My Breakup with Control

There I was in my living room surrounded by my peers. My roommate and I were having a huge disagreement, I can’t even remember the reason. What I do remember: I was not winning.  I was trying to be discrete because everyone was watching us, but nothing I said was convincing her. She grew tired of me fussing at her and called me out in front of everyone in the room. I was mortified.

Externally, I took what she said in stride without flinching; I calmly walked away. Internally, a storm was brewing. My impotence to control her and to control people’s perceptions of me made me feel backed into a corner, helpless, out of options. Next thing I knew I was flying feet first through the air towards the couch where she was sitting. I somehow landed a ninja style, double leg kick to her face…in front of everyone. My momentary sense of accomplishment was hastily brought to an end as I victoriously jumped off the couch, in doing so, I landed wrong and sprained my ankle. Shame and embarrassment washed over me as I collapsed to the floor in pain. It was one of my lowest points. How was it that I, an adult, lost it when I could not control the people around me? I share this story with you now to give you a glimpse of how toxic control can be.

When I say control I am not just talking about people who like to be in-charge. I am talking about people, who, at the core of their being, are not okay with the vulnerability of not being in control of everything. Driven by their need for self preservation they must control the people around them as well as control how they are perceived by the public. There are varying degrees of this type of control and it is not always one-size-fits-all.

People struggling with control might be seen as driven, perfectionists, micromanagers, control freaks, toxic, or abusive. Whatever the trigger, the controller is threatened by the individualism of the corresponding person. An honest internal dialog of someone partnering with control might be, “You are not me, your decisions/actions are not what I would do and that scares/embarrasses me”. There are many tools that the controller may use to get one to surmount the impossible task of pleasing them; threats, seduction, gas lighting, displays of anger, shutting down, manipulation, physical/verbal/emotional violence, to name a few. This starts the toxic cycle as the person being controlled will then search for areas in their life or people in their life that they can control.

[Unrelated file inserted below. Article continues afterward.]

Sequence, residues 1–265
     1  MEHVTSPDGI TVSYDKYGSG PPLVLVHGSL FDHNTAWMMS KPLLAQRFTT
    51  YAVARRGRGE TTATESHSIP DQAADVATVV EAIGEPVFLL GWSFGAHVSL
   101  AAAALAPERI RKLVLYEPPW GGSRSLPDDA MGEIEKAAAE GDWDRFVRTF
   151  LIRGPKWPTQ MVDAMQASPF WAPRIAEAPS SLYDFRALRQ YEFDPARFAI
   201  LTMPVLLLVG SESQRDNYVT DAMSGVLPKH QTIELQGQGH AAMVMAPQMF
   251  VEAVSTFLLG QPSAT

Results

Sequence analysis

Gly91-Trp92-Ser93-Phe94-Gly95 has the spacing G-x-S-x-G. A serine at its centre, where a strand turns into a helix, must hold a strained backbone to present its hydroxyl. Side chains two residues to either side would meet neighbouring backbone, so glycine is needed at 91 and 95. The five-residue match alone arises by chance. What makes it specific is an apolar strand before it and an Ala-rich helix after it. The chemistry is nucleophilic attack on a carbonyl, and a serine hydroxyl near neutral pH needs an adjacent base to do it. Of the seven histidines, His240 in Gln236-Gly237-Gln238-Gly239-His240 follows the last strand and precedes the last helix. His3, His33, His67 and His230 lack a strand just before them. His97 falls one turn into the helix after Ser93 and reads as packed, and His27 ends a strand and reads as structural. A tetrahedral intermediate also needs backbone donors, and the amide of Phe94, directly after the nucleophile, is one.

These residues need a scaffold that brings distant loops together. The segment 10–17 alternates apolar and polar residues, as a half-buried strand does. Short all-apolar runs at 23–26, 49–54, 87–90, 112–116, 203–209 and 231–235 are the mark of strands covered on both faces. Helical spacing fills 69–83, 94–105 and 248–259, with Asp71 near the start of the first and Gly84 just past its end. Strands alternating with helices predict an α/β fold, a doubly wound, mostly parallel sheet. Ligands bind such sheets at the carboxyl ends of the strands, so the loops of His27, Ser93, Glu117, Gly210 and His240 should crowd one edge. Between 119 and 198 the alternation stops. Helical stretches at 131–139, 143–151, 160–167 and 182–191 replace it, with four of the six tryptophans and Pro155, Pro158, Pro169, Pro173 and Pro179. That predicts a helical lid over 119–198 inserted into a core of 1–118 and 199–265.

To those who are being controlled, control seems powerful, it may feel like love. You love me enough to care. It feels safe, comfortable sometimes. In a relationship where you are being controlled, you do not have to take responsibility for your actions because they made you do it. You may give them your right to autonomy, as you buy into the lie that they are powerful (smarter, wiser, more important) and that you are in a hopeless situation.
It has taken me years to get to the place in my life where I recognized I was dealing with Control and then more time to get the courage to break up with Control. For most of my life, I partnered with the lie that Control was a powerful tool. I grew up seeing this control-dynamic modeled in my home; it was second nature to me. Anger, threats, manipulation, punishment were all used to get the desired behavior from the corresponding person.